CoatingsPro Magazine

MAY 2018

CoatingsPro offers an in-depth look at coatings based on case studies, successful business operation, new products, industry news, and the safe and profitable use of coatings and equipment.

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Page 52 of 92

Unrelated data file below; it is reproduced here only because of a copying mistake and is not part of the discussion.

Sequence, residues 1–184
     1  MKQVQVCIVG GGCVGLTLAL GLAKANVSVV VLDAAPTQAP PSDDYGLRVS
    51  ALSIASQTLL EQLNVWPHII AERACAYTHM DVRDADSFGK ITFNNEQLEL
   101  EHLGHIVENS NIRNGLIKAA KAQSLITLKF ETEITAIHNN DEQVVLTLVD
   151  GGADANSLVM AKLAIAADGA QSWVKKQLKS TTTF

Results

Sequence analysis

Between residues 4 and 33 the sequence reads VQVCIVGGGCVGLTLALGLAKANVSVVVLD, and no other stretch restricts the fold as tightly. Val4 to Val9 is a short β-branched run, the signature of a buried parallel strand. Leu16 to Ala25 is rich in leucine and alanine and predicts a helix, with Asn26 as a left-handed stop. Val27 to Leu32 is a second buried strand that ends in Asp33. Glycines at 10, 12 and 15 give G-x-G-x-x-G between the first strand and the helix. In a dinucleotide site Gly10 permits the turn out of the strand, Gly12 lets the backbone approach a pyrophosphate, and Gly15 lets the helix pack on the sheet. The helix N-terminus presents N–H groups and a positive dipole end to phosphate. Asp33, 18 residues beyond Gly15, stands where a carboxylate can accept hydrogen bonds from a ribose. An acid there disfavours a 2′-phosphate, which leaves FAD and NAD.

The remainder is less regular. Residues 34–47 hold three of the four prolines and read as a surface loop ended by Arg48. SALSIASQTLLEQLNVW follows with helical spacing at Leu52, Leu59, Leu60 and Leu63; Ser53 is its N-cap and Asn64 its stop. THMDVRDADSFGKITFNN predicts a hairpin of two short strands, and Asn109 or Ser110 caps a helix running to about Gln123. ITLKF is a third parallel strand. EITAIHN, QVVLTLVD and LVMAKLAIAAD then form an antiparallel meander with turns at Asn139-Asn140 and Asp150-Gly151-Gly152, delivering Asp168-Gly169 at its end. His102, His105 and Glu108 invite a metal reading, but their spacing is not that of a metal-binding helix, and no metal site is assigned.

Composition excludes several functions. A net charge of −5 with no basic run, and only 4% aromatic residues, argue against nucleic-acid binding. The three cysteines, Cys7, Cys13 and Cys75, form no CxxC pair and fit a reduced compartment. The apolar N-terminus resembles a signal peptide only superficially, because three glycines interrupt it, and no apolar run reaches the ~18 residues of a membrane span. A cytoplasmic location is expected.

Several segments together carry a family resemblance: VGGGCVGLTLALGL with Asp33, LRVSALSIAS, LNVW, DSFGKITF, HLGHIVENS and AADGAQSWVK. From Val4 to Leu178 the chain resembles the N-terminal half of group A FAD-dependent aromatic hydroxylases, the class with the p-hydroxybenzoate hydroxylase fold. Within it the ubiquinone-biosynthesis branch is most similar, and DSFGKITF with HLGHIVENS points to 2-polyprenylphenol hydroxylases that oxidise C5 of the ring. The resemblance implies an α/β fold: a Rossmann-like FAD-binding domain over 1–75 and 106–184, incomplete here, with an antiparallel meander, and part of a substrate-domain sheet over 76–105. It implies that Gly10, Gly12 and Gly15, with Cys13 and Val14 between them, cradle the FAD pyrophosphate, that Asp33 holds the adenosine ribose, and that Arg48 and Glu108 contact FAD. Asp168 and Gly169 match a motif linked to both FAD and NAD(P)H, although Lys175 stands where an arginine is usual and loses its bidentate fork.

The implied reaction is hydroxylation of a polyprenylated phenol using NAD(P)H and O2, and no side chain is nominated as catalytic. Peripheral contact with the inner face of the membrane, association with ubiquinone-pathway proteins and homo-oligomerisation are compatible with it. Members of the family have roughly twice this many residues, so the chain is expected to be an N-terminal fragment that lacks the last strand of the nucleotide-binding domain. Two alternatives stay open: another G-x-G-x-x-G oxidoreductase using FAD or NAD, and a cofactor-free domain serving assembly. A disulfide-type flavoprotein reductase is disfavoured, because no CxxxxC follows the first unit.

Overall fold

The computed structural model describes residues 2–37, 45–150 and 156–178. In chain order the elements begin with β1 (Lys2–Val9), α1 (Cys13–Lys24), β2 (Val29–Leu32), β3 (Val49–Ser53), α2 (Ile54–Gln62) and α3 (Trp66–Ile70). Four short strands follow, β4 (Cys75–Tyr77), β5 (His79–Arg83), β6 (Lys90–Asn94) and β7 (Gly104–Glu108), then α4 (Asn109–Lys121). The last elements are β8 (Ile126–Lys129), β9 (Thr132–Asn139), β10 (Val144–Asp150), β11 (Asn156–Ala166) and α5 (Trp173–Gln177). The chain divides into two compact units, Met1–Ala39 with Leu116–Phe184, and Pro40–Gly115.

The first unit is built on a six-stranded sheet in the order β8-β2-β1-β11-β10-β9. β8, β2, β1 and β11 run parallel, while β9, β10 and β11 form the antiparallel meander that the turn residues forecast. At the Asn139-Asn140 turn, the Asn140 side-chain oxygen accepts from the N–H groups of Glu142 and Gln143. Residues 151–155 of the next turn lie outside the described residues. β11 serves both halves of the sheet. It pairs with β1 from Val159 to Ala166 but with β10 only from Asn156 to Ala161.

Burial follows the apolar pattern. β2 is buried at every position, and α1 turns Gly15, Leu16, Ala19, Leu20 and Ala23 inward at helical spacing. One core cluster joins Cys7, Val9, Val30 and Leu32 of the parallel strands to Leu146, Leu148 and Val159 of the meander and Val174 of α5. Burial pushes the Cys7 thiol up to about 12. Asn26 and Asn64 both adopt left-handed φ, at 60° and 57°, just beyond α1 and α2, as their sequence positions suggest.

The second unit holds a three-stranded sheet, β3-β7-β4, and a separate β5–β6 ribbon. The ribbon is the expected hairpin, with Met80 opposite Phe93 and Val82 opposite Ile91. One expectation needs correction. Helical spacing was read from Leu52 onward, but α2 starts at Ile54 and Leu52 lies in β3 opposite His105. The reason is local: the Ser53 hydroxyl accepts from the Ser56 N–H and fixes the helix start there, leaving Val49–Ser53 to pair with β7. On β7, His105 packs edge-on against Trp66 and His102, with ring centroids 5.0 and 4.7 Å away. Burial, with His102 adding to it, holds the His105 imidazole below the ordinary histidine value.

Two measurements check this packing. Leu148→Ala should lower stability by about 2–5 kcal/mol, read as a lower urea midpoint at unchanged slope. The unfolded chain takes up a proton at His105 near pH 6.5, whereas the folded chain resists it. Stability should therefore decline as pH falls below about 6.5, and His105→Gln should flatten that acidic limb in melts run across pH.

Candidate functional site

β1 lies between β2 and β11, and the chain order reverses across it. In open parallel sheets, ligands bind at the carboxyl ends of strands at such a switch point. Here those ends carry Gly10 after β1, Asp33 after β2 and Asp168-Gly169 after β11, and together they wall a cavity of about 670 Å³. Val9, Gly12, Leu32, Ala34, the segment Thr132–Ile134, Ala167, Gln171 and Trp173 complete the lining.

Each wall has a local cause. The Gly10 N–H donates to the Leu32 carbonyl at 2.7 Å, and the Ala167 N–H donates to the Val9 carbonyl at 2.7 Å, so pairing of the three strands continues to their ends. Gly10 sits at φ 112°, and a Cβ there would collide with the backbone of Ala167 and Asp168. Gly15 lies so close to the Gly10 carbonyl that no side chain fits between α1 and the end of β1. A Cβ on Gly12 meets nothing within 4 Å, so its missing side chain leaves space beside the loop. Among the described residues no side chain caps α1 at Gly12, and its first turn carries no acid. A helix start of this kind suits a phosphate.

52 MAY 2018 COATINGSPROMAG.COM platform required constant coordination with the Coast Guard and local sightseeing vessels due to extremely tight vertical clearance constraints. e existing clearance of the bottom of the bridge to the average water level was 40 feet [12.2 m], and some commercial vessels that travel the A llegheny require 38-foot [11.6 m] clearance. Our Safespan support cables and chains had to be installed to the perfect height, and water levels had to be constantly monitored during abrasive blasting when spent abrasive could accumulate on the platform and reduce the vertical clearance," explained Skaroulis. A lthough much of the work was done from the Safespan platform, there were other areas above deck where scaffolding was erected or pneumatic lifts were used by the crew. In these areas, fall protection was one of the primary safety concerns. e crew used harnesses with double lanyards in conjunction with rope grabs to maintain 100 percent tie-off. "Because the Safespan platform had handrails and was a self-contained platform, fall protection wasn't needed while we were blast- ing and coating," stated Skaroulis. However, regardless of whether the work was taking place on the Safespan platform, on scaffolding, or on lifts, the crew wore personal protective equipment (PPE) during abrasive blasting, including Nova and Bullard supplied-air hoods. During coating application and mixing, the team wore 3M half- and full-face respirators. Hard hats, safety glasses, high-visibility vests, gloves, and steel-toed boots were worn at all times. Contain and Monitor One of the most important, if not the most important, aspects of the job was abrasive blasting the structural steel to NACE No. 2/Society for Protective Coatings (SSPC) Surface Preparation (SP)#10: Near-W hite Blast Cleaning. During Southern Road and Bridge's first mobilization, all structural steel was blasted using ARS S6 blast/recycle units, each paired with two 1600 CFM (45.3 m³/min.) compressors and an ARS DC-45 dust collector. During the second mobilization, the crew blasted the exposed buckle plate steel using an ARS S-2 blast/recycle unit, one 1600 CFM (45.3 m³/min.) compressor, and a 20,000 CFM (566.3 m³/ min.) dust collector. "Many people don't know what buckle plates are, and in fact, I had to look it up myself when looking at the specifications of the job. Simply put, buckle plates support the rebar and concrete of the bridge deck," said Skaroulis. For both mobilizations, containment was a critical part of the abrasive blasting process. e overwater, downtown location is in close proximity to many businesses and heav y pedestrian/automotive traffic. "is necessitated an extremely secure containment during abrasive blasting," said Skaroulis. Impermeable tarps manufactured by Eagle Industries were used to completely contain the Safespan platform. According to Skaroulis, the containment material went from the bottom of the platform to the sidewalk and over the top of the handrails. e same impermeable material was also used on the scaffold- ing and in areas where the crew used pneumatic lifts to access the blast area. "Containment was always a priority on this job," stated Skaroulis. In addition, Southern Road and Bridge had third party high-volume total suspended particulate (TSP) monitoring at five locations during the abrasive blasting, with two locations always in use simultaneously during each phase of the blast- ing process. (e location of the two TSP monitors in use at a particular time depended upon the location of the blasting.) "e TSP monitors looked like metal bird houses and measured the particulates in the air. MB Environmental Consulting installed calibrated, collected data and sent samples to the lab for analysis. We successfully maintained emissions to below the A llegheny County daily allowable TSP-Lead of 10 ug/m3 [0.3 ug/ ft.³] as an 8-hour concentration and 25 ug/m3 [0.7 ug/ft.³] at any time," said Skaroulis. Complex Coating Job Once the abrasive blasting was completed, it was time for the crew to apply the Sherwin-Williams coatings. Much of the struc- tural steel, including the eyebar chains, towers, floor beams, and girders, received the same system: Zinc Clad III Organic Zinc-Rich Epoxy Primer, Macropoxy 646 Fast Cure Epoxy, and Acrolon 218 HS Acrylic Polyurethane. A ll of these coatings were In addition to wearing hard hats, safety glasses, gloves, and steel- toed boots at all times, the crew also relied on a Safespan platform for below deck work. The platform spanned 58,000 square feet (5,388.4 m²). Wearing 3M respirators, the crew coated the steel with an epoxy primer, epoxy intermediate coat, and polyurethane topcoat. The cells on the girders also received the primer and two coats of the epoxy. Andy Warhol Bridge

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